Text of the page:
The International Monetary Fund on Monday slashed India’s gross domestic product (GDP) growth forecast by 100 basis points (bps) to 6.6% in FY17 and by 40 bps to 7.2% in FY18, citing a consumption slump after the demonetisation of high-value notes.
The downward revision, if it translates into reality, will let China reclaim, albeit temporarily, the fastest growing major economy tag from India. China’s economy is now expected to grow by 6.7% in 2016, 10 bps higher than the fund’s October 2016 forecast. The communist country is expected to clock 6.5% in 2017, 30 bps higher than estimated earlier, again ceding the fastest growing economy status to India.
“In India, the growth forecast for the current and next fiscal year were trimmed by 1 percentage point and 0.4 percentage point, respectively, primarily due to the temporary negative consumption shock induced by cash shortages and payment disruptions associated with the recent currency note withdrawal and exchange initiative,” the IMF said in its latest World Economic Outlook Update.
The revision comes barely four months after it revised upward by 20 bps India’s FY17 GDP growth to 7.6% in October 2016. The IMF’s cut in growth outlook for India is sharper than the recent World Bank’s 60 bps reduction in its India GDP growth outlook to 7% for FY17. In its first advance estimate, India’s Central Statistical Office has projected that the economy will slow to 7.1% in the current financial year from 7.6% in 2015-16. Given the post-demonetisation hit to consumption and investment, many analysts said these might prove to be overestimates.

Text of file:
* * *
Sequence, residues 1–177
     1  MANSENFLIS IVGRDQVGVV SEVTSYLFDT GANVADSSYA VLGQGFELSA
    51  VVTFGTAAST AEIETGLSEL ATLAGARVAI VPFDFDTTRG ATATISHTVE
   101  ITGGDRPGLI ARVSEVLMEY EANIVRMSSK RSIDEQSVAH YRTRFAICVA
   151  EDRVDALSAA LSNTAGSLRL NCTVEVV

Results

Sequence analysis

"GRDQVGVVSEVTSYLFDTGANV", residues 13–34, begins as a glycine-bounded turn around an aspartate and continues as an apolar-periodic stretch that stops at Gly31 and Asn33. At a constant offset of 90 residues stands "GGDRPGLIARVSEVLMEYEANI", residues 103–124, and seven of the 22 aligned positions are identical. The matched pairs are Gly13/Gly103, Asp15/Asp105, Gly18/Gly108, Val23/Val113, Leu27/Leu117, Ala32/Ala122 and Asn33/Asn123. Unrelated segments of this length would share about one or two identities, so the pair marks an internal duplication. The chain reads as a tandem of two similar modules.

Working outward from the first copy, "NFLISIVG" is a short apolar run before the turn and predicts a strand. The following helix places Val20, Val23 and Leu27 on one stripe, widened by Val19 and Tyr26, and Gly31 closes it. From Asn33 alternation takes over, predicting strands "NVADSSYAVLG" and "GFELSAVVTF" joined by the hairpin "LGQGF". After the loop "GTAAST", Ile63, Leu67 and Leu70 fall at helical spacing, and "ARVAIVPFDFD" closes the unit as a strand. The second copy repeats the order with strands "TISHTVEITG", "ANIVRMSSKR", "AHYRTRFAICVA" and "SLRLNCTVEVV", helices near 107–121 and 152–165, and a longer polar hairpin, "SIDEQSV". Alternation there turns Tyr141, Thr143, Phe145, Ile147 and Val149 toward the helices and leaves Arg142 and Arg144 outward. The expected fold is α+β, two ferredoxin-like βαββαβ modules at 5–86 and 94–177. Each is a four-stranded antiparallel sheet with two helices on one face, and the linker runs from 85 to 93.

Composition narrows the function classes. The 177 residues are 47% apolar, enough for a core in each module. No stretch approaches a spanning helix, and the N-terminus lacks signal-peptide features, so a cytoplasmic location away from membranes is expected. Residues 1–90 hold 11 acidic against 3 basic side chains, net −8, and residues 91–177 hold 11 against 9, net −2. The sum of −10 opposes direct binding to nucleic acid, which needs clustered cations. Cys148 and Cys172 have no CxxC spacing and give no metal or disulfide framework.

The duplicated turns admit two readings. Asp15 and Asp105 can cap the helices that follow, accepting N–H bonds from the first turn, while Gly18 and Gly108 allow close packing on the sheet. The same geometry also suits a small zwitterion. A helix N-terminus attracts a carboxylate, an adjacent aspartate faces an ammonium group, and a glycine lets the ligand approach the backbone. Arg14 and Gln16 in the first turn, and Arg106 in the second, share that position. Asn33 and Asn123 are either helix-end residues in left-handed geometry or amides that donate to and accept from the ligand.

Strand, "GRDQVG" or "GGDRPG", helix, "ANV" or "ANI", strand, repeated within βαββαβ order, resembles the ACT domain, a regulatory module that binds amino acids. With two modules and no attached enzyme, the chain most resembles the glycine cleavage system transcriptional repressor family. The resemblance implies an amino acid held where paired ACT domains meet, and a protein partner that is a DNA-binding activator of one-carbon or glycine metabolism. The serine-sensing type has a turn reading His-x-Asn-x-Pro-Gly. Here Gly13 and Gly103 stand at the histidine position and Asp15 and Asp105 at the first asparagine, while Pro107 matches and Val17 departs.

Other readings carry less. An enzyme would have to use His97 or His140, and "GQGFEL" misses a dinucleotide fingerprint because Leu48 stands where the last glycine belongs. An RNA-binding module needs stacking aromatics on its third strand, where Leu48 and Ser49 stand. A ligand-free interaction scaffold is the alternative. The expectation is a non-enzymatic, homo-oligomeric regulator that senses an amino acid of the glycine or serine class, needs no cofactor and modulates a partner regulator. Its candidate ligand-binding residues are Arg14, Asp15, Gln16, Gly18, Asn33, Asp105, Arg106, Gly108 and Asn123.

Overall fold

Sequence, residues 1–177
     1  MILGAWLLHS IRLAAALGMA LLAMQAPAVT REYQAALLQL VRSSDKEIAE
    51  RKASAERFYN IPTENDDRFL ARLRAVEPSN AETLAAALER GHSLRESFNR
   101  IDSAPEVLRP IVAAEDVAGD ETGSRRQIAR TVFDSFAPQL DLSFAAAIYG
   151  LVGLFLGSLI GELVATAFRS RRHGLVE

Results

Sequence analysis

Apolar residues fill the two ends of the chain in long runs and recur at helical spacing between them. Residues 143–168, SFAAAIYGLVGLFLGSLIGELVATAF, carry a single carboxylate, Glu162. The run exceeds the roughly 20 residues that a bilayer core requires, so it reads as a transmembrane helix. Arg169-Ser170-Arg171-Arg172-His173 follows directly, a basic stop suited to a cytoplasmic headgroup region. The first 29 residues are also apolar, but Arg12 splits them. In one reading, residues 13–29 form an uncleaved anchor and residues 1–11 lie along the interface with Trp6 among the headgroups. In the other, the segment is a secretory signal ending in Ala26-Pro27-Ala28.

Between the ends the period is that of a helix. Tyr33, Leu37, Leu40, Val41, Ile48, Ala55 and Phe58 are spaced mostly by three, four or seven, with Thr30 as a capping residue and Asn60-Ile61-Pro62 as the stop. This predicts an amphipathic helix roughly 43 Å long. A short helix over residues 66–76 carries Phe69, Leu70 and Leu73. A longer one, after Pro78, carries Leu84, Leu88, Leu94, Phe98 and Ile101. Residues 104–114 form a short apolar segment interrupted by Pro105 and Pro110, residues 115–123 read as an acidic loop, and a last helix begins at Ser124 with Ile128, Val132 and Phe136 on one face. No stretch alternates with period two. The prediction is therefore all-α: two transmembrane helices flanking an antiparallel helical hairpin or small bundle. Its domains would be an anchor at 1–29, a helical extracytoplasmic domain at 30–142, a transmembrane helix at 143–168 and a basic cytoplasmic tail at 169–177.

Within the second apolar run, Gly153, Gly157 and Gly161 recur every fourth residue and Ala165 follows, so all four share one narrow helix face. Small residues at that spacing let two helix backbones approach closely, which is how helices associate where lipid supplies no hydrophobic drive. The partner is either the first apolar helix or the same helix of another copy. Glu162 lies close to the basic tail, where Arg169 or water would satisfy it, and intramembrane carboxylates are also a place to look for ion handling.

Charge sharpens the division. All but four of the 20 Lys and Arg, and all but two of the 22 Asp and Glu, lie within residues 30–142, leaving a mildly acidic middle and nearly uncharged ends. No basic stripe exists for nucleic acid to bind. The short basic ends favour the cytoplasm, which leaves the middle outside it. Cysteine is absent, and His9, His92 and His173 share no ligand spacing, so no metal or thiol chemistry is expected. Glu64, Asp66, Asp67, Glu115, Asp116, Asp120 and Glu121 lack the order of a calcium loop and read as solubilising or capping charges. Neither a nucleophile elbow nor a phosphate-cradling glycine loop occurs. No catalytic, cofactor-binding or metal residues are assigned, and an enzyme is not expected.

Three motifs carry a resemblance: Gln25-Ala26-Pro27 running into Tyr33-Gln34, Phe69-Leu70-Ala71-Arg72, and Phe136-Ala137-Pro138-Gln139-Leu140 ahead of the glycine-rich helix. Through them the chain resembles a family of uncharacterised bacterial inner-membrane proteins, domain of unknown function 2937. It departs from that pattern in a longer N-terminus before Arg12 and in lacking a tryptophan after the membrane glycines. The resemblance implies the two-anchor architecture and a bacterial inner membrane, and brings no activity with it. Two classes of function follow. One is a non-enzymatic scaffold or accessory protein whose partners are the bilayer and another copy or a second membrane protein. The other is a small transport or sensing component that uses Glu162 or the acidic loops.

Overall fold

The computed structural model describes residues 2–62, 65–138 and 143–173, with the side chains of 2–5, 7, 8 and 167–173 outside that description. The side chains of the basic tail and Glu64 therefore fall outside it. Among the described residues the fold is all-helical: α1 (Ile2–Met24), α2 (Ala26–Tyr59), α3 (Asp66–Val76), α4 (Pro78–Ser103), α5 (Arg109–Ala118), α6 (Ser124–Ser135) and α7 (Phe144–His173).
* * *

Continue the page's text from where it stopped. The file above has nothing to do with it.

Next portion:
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Global growth for 2016 is now estimated at 3.1%, in line with the IMF’s October 2016 forecast. Economic activity in both advanced economies as well as emerging market and developing economies is forecast to accelerate in 2017-18, with global growth projected to be 3.4% and 3.6%, respectively, again unchanged from the October forecasts.
Advanced economies are now projected to grow by 1.9% in 2017 and 2% percent in 2018, 0.1 and 0.2 percentage point more than in the October forecast, respectively. As noted, this forecast is particularly uncertain in the light of potential changes in the policy stance of the United States under the incoming Donald Trump administration.